Following provision of informed consent, each individual participated in an in-depth interview that lasted for between 1.5 and 2.5 h. These semi-structured interviews followed a standardized guide with broad questions followed by open-ended probes to elicit further information.
The interview guide was developed by a multidisciplinary team that included sociologists, psychologists, ethnographers, and NGO staff with backgrounds in HIV risk issues and substantial experience working in the same Roma communities where participants were recruited.
Topics covered in the guide included friendship and sexual relationships, sexual practices and circumstances when they occurred, views and perceptions concerning condoms and sexual protection, beliefs concerning HIV/AIDS and STDs, and other topics that would elicit data in the domains of interest.
The interviews were conducted by three sociologists and psychologists experienced in using in-depth interview techniques and Roma cultural issues. All had worked previously in the Roma community. They were trained in the use of the study's open-ended interview guide, and each conducted one pilot interview before beginning the formal data collection phase.
Interviews took place either in a neighbourhood field office setting or in participants' own homes. Interviews were conducted individually with only the participant and the interviewer present, and anonymity of participant identity and information was assured.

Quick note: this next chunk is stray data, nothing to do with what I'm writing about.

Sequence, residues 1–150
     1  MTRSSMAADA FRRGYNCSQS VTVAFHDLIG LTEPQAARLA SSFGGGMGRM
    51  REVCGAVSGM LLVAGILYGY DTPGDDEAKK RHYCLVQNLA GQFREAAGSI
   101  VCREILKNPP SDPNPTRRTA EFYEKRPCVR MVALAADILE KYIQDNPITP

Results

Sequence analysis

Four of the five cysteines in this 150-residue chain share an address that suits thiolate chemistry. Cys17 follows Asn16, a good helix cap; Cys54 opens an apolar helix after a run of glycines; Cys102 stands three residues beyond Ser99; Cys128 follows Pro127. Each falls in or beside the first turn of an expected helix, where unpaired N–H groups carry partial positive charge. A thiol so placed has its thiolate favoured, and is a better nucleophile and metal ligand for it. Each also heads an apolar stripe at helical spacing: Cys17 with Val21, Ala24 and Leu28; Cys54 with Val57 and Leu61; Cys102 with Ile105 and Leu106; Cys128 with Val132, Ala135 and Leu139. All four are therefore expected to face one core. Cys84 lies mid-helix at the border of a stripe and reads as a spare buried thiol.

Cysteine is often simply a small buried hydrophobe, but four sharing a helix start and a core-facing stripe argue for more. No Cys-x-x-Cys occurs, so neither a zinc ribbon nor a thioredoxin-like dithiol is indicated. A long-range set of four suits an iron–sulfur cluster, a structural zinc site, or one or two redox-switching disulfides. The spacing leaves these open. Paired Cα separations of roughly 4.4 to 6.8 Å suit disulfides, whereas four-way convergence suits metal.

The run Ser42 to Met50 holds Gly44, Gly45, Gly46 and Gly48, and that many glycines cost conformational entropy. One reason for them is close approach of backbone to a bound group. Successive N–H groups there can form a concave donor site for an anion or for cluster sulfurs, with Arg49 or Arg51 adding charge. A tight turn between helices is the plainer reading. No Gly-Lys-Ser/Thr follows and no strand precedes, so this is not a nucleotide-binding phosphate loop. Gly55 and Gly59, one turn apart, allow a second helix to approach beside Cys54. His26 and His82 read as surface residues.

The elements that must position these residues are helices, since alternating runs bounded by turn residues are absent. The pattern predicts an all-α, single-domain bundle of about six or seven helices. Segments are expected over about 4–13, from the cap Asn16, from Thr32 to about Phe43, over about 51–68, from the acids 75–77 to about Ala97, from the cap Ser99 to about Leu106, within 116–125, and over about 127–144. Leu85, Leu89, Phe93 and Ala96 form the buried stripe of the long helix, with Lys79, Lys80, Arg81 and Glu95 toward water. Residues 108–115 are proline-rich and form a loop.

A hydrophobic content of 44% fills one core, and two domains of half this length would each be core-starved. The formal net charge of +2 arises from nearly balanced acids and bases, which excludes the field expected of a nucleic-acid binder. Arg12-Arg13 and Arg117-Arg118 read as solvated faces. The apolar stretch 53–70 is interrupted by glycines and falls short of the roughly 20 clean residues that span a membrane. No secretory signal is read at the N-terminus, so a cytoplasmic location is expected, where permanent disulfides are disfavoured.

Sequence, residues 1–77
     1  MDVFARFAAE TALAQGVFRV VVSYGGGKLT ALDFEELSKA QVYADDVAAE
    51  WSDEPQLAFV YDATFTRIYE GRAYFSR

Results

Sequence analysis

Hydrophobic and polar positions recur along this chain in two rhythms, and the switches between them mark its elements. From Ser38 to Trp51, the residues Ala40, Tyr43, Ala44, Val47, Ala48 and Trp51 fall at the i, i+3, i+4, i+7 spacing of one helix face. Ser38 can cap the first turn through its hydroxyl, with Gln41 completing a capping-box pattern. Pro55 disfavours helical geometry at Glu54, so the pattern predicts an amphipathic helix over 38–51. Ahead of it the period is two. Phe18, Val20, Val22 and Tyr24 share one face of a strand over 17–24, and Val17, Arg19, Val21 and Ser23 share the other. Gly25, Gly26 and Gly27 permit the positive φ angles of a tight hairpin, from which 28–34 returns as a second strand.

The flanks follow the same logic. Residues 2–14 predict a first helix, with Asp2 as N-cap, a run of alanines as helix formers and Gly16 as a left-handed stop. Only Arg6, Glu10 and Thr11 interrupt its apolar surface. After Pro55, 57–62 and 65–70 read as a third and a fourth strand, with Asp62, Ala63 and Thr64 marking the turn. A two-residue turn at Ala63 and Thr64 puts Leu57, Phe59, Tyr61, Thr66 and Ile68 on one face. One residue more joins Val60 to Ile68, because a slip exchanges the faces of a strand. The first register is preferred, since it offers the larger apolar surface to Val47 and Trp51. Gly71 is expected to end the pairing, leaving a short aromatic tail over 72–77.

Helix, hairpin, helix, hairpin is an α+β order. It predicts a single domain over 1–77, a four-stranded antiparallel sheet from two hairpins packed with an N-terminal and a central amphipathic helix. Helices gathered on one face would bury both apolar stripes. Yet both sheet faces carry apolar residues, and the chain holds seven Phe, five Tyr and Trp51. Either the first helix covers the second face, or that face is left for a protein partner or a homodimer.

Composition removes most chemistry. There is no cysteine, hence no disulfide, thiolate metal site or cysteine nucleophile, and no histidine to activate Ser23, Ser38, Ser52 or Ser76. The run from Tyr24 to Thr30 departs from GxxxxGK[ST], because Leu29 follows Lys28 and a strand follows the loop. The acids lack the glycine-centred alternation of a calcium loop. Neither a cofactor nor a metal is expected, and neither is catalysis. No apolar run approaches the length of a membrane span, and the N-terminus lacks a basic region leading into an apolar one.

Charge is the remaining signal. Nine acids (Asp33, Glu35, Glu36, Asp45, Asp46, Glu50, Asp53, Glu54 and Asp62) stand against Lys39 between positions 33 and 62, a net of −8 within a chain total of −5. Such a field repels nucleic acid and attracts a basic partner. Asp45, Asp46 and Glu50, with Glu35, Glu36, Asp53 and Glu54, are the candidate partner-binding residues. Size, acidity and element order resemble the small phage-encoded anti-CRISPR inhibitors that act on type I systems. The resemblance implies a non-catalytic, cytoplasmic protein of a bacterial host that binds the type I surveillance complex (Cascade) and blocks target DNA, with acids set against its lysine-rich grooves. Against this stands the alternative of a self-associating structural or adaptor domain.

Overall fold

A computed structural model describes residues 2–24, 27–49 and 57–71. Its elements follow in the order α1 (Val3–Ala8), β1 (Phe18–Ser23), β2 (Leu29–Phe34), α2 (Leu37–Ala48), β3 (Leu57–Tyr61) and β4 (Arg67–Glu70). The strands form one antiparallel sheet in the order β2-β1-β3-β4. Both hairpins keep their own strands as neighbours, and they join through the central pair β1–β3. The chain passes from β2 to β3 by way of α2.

All interviews were conducted in Hungarian or Bulgarian and were tape-recorded.
This study has several limitations. Participants in this research were recruited from a limited number of neighbourhoods in Hungary and Bulgaria, and the findings may not necessarily generalise to other Roma communities. There were no injection drug users in the sample, and risk patterns related to drug injection were not assessed. In-depth interviews primarily serve to identify themes and dynamics, and not necessarily the prevalence of behaviours within a population. Additional research with larger samples is needed to determine the prevalence of phenomena found in this study. While the study's interviewers had extensive background in in-depth interviewing, sensitive issues were discussed and it is possible that some participants did not disclose about stigmatised aspects of their behaviour.